Interview: Rohan Sinanan
Which key infrastructure projects are being prioritised over the next 18 to 24 months?
ROHAN SINANAN: We are prioritising major highway construction, most notably the San Fernando to Point Fortin Highway, which will open up the entire southwest peninsula and stimulate economic activity. It will also shave two hours off commuting time between the two destinations. We are also extending the Churchill-Roosevelt Highway to Manzanilla, which will run all the way to the town of Mayaro on the east coast, a notable contributor to the oil sector. Another project in the works is the Curepe interchange, which is an investment worth approximately TT$500m ($74.7m).
These three projects will be a huge driver for the construction sector. By the end of 2017 we are also looking to begin construction of the Valencia to Toco Highway, which will open up the north-eastern region of the country, together with a port on the Toco peninsula, facilitating travel to Tobago. The former will stimulate local commerce while also opening up the area to tourists, whilst the port will provide a ferry service from Toco to Tobago that will only take around an hour. We are also looking at opening up the northwest peninsula with the Chaguaramas Causeway. The region has great potential for tourism development, but is currently held back by transport bottlenecks, which the causeway will address, opening up prime land for tourism. We are also changing the way we build our highways, dividing them into sections for tender to spur the participation of local contractors. Previously, many contracts were design-build, and the price prohibited many capable local contractors from participating due to the financing they required.
How is Trinidad and Tobago preparing its public transport system for the future?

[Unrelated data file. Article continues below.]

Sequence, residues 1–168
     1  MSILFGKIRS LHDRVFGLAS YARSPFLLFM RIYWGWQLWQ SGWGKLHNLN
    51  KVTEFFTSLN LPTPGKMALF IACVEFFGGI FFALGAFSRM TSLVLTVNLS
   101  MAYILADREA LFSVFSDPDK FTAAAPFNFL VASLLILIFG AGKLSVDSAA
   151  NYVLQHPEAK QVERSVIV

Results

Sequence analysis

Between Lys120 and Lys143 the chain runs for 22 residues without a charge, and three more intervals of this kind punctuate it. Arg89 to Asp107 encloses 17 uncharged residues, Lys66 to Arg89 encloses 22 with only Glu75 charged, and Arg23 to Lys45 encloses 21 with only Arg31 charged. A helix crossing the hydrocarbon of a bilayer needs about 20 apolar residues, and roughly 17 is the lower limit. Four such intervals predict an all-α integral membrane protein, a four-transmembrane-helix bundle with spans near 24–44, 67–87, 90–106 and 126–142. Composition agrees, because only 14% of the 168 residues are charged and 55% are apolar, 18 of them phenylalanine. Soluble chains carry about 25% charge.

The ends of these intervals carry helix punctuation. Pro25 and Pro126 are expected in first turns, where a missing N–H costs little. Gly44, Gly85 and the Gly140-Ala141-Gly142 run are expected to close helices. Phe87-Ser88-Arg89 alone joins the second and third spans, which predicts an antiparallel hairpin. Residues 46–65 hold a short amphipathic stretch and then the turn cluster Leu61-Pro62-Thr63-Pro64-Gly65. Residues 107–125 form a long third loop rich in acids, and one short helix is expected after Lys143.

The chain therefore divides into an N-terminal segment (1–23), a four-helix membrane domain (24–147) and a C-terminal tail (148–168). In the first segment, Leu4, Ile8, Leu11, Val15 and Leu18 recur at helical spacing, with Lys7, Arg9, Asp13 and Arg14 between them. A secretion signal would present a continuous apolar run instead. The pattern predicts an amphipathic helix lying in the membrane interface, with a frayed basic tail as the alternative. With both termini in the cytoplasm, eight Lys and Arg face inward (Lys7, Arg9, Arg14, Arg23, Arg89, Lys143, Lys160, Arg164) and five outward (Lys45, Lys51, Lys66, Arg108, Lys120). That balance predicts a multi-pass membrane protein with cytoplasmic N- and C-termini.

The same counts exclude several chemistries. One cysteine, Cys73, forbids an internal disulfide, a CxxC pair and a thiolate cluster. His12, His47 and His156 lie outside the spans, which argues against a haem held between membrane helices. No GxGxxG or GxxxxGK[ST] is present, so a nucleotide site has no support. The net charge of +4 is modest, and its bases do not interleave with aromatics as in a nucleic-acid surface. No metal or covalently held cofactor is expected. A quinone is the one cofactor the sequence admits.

SINANAN: We were going to proceed with a rapid rail project, but the current fiscal situation has prevented us from pursuing this in the short term. The focus now will be on improving and enhancing the bus service. The government is revamping the Public Transport Service Corporation (PTSC) internally, and purchasing a new fleet of buses. The PTSC has a mandate to move the entire fleet to compressed natural gas (CNG), though due to financial and logistical factors, new bus orders will also incorporate diesel, as we have yet to equip Tobago with sufficient CNG refuelling stations.
We are also exploring the possibility of introducing a mobile bus application to give commuters live updates for their bus routes, including arrival times and delays. Every three months there are another 10,000 cars entering the roads, so mass transportation is the only solution for the country’s traffic congestion. We would also be open to suggestions or offers made by the private sector that would lead to better service at comparable or more economical prices.
To what extent is T&T’s regulatory framework prepared for the emergence of internationally recognised mobile ride-sharing applications?
SINANAN: Our legislation needs to be adjusted to accommodate ride-sharing applications, and we are currently analysing examples of jurisdictions that did this successfully. However, ride-sharing applications like Uber need to comply with the laws in T&T. Until we have crafted legislation governing such applications and services, they will be operating in this country illegally, and the authorities will have to respond accordingly. While there is a clear benefit to these services, we need proper legislation to ensure drivers are sufficiently vetted and competent.
Additionally, with international ride-sharing applications there is a loss of foreign exchange. Uber, for example, takes approximately 25% of the driver’s fee, which then goes offshore. Clearly, local drivers also need to prepare themselves to compete with this service, even if it is in the form of a rival application, and we are also looking at ways to assist them with this.
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